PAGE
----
We rarely write about ourselves in this column, but people keep asking — what’s happening to the newspaper industry?
A lot, thank you, and most of it good.
We do appreciate that readers are concerned about the challenges our business has faced over the past three years.
Many have heard about the handful of metro newspapers that closed at the height of the recession. Still with nearly 1,500 daily newspapers in the U.S., that was an exceedingly small number.
Compare that to the more than 350 banks that have failed since 2007. And that toll would have been far higher without a massive government bank bailout.
Fortunately, our situation was not nearly that dire.
But it has been a difficult few years, not just for newspapers, but for TV, magazines and radio stations.
That’s the nature of a recession.
But our concerned readers also wonder whether the newspaper industry might not survive the technological revolution we are facing.
The news, so far, is good. Newspapers, including the Sun Journal, are finding 2011 a better year than 2010.
The outlook seems to have stabilized and, we are pleased to report, newspapers and their websites still remain the dominant way news and advertising is distributed in Maine.
A recent report by Planning Decisions Inc. for the Maine Press Association found there are seven daily newspapers and about 40 weeklies in Maine.
They have annual sales of more than $154 million and employ nearly 1,800 people. They paid wages and benefits of $71.3 million, invested nearly $7 million in new buildings, vehicles and equipment, and paid about $7.5 million in state and local taxes last year.
To put that all in perspective, the newspaper business is about the same size as the semiconductor industry.
All that economic activity, of course, creates “downstream” economic benefits in communities across the state, as newspaper employees buy homes, cars and groceries.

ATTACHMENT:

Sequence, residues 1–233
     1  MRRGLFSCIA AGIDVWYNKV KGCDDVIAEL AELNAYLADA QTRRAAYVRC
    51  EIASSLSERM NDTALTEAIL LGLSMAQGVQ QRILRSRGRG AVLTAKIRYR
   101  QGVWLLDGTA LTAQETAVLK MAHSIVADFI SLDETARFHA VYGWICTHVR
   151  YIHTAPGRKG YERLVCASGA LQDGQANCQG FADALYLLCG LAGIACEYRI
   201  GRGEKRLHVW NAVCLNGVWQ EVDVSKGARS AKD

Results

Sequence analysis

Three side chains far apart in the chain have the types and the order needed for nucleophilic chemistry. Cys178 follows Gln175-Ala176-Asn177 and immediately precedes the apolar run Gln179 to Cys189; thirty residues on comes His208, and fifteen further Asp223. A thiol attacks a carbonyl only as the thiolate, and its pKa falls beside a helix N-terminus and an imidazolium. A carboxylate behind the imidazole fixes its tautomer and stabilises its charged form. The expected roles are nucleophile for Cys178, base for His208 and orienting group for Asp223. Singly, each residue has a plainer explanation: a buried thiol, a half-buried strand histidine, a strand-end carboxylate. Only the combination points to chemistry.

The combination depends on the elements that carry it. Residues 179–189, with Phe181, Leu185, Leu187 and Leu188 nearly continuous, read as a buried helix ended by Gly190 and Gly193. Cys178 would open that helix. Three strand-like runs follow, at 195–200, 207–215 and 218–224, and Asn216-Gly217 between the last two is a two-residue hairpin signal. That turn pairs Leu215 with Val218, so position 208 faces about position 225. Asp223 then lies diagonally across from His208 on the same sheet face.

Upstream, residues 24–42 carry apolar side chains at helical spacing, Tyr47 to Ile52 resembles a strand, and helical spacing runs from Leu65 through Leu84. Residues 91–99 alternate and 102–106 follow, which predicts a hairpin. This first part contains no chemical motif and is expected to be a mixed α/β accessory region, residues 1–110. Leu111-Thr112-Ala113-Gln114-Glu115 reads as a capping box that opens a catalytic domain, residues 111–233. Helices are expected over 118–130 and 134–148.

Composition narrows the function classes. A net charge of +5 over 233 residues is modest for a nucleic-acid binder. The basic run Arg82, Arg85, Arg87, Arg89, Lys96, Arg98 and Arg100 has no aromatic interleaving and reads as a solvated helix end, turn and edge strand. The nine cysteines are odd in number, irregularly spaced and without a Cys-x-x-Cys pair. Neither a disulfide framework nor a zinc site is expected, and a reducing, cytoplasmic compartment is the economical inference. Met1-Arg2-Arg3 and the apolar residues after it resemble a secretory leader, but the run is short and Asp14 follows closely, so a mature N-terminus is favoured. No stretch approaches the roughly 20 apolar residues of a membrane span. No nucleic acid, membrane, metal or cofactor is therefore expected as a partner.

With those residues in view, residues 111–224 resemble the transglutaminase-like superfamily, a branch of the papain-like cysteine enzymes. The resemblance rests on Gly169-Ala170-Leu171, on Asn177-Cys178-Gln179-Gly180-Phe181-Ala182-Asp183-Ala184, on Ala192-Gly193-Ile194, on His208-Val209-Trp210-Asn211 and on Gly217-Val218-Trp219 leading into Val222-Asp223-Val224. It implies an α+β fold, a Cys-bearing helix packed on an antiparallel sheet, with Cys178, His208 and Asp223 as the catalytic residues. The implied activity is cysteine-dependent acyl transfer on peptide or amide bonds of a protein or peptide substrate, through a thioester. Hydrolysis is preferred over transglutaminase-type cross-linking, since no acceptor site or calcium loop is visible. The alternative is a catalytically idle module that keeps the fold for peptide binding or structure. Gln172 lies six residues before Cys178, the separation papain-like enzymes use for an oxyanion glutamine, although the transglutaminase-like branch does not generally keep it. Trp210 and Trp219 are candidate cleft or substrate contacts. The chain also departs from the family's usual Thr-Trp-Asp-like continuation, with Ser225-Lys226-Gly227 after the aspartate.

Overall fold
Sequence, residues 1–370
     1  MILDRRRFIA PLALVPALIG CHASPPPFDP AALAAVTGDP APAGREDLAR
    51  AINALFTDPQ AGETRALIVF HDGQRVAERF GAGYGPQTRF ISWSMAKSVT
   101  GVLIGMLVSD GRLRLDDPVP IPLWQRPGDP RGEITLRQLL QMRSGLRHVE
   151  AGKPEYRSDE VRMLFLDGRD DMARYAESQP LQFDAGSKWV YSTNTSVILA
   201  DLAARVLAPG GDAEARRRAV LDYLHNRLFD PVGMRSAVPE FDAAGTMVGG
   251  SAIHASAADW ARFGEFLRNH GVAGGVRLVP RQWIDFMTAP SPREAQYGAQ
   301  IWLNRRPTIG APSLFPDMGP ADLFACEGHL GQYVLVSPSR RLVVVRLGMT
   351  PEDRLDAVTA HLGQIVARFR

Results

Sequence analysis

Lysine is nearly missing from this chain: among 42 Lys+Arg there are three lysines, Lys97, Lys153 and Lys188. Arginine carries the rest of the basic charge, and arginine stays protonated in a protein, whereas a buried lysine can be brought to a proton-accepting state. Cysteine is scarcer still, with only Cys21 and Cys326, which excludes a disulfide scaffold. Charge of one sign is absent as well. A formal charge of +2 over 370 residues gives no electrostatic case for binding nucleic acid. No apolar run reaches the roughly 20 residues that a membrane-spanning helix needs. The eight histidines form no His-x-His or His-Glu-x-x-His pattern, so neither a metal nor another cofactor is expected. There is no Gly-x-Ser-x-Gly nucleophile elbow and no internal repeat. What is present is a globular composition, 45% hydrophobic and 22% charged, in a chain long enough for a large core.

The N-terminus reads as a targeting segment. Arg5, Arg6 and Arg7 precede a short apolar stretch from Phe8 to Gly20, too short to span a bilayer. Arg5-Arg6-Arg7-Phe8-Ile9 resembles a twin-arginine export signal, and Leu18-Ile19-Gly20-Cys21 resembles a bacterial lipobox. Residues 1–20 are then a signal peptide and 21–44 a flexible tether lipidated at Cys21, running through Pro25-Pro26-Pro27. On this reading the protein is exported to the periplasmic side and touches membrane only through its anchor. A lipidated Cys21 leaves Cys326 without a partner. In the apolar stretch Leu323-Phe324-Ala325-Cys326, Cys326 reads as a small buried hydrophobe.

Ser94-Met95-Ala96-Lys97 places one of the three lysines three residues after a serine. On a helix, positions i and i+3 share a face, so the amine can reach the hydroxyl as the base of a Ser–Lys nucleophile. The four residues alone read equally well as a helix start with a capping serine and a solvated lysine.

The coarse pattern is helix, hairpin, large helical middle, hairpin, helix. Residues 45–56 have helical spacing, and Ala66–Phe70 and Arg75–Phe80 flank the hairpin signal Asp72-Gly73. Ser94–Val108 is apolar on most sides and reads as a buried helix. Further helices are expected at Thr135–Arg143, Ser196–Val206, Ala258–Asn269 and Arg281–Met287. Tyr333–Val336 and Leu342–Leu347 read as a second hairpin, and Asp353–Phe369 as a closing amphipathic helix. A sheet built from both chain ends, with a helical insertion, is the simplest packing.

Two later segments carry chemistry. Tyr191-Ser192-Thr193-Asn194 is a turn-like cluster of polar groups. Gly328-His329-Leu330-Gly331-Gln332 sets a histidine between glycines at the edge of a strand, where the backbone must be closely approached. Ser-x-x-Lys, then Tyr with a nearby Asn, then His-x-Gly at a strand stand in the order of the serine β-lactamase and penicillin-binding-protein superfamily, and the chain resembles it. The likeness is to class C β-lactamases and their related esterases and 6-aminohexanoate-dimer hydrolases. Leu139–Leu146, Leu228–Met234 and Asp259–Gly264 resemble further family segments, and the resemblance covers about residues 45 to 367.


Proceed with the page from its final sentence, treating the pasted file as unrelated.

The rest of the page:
But it is the news-gathering reach of newspapers that is most dominamt. The state’s TV stations are located in Bangor and Portland. While the seven daily newspapers are located in the state’s largest communities, their reach is far wider.
The Sun Journal alone has regional offices in Norway, Rumford and Farmington, with two reporters and other employees in each bureau. What’s more, the Sun Media group operates 11 weekly newspapers that provide in-depth community news coverage to a host of communities from South Portland to Old Town.
The state’s daily newspapers have five full-time reporters covering state government, a total unmatched by any other media.
While print circulation in the state continues its slow decline, the loss of readership and reach has been more than offset by gains in online users.
With 2.4 million unique visitors within the past year, combined with print readership, the Sun Journal is read by more people than at any time in our history.
The shape of the new media environment is also beginning to solidify.
Bloggers tend to link to news stories in traditional news media. Twitter tends to quickly transmit breaking news, while Facebook is largely for sharing.
All the online activity tends to increase the traffic and audience for traditional newspaper websites, research has shown.
The Web has also given newspapers the ability to do two other things:
First, it has put newspapers on a level playing field with broadcast media when it comes to breaking news.
When a crane and a roadway fell into the Androscoggin River last year, users of sunjournal.com had a basic story with headline within nine minutes of the incident, and a staff photo of the collapsed road posted 23 minutes later.
Second, the Web now allows newspapers to use video to help tell stories. In 2010, the Sun Journal produced 409 videos that were viewed about 175,000 times.
There are, of course, still challenges to be met and questions to be answered as we move forward.
But this much is certain: Newspapers, in print and online, are using their traditional strengths to carve out a new future.
The opinions expressed in this column reflect the views of the ownership and editorial board.